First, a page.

10. The method according to any one of the preceding claims, characterized in that said target molecule is a DNA or RNA sequence.
11. The method according to any one of the preceding claims, characterized in that probe or probes are oligonucleotides.
12. The method according to any one of the preceding claims, characterized in that said probe or probes are immobilized to a solid phase.
13. The method according to any of the claims 1-10, characterized in that said target sequence is immobilized to a solid phase.
14. A kit for detecting a target nucleic acid sequence in a sample, comprising
a) a probe having two free nucleic acid end parts which are at least partially complementary to and capable of hybridizing to two at least substantially neighbouring regions of the target sequence;
b) a means for connecting the ends to each other after hybridization to the target sequence;
characterized in
c) a cleavable of dissociable detectable function; and, optionally,
d) a cleaving agent.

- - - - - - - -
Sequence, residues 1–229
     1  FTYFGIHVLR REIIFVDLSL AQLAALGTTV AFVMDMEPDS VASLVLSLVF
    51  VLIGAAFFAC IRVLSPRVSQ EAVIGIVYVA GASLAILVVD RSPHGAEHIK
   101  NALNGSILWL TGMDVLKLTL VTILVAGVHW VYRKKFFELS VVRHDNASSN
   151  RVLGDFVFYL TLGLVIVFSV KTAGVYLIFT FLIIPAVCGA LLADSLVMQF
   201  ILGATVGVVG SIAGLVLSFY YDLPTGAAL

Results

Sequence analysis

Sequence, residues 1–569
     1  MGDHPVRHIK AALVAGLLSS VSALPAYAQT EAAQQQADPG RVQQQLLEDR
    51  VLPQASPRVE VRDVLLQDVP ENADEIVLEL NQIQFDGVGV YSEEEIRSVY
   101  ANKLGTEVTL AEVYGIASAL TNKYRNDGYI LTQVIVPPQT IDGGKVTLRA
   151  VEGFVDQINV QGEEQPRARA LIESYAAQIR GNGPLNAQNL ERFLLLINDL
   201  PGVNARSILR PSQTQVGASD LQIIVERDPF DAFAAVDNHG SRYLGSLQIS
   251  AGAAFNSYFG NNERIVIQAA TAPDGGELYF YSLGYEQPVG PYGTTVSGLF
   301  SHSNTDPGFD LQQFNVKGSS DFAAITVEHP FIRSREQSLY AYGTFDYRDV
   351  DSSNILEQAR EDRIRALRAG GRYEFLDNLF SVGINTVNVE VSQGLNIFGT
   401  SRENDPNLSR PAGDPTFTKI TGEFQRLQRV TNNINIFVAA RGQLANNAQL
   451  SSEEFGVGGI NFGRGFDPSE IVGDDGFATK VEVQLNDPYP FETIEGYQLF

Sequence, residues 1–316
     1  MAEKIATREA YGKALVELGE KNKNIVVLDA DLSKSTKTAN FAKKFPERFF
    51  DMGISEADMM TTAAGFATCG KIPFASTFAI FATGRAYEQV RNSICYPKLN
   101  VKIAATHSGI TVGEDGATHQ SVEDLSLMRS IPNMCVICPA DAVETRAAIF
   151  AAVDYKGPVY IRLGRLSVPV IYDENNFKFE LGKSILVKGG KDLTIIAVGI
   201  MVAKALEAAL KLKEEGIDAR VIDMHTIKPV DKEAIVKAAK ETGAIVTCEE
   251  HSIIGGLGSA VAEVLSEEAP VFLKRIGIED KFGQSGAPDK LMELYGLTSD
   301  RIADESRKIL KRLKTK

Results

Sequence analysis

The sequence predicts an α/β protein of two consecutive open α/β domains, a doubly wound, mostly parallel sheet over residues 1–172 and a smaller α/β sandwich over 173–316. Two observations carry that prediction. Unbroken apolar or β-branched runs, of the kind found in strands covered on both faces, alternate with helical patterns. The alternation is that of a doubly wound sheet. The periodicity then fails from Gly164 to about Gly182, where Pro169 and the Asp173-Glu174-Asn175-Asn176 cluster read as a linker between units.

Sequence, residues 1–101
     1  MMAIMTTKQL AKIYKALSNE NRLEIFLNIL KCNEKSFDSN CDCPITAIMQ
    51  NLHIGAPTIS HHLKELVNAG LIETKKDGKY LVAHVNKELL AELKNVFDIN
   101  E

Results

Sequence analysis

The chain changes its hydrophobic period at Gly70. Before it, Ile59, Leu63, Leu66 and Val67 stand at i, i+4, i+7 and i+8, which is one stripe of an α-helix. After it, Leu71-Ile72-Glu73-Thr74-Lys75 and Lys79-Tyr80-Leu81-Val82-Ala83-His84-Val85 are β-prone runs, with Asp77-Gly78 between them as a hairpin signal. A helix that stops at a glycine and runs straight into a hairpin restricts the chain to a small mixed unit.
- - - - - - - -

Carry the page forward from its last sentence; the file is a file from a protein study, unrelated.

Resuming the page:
15. The kit according to
claim 14
, characterized in that the detectable function is a fluorophore, radiosiotope, hapten or enzyme.
16. The kit according to
claim 14
or
15
, characterized in that one or both of the two free nucleic acid end parts of the probe have at least two branches, preferably with differential sequence specificities, and that each of the branches on one end part of the probe are provided with different detectable functions.
17. The kit according to
claim 16
, characterized in that one probe end is linear and the other probe end is branched, preferably bifurcated.
18. Use of the kit according to any one of
claims 14
to
17
for distinction between sequence specific variants of nucleic acids.
19. A circularizable probe having two free nucleic acid end parts which are at least partially complementary to and capable of hybridizing to two at least substantially neighbouring regions of a target sequence, characterized in that the probe has a cleavable or dissociable detectable function on one of said end parts.
20. The probe according to
claim 19
, characterized in that one or both of the two free nucleic acid end parts of the probe have at least two branches, preferably with differential sequence specificities, and that each of the branches on one end part of the probe are provided with different detectable functions.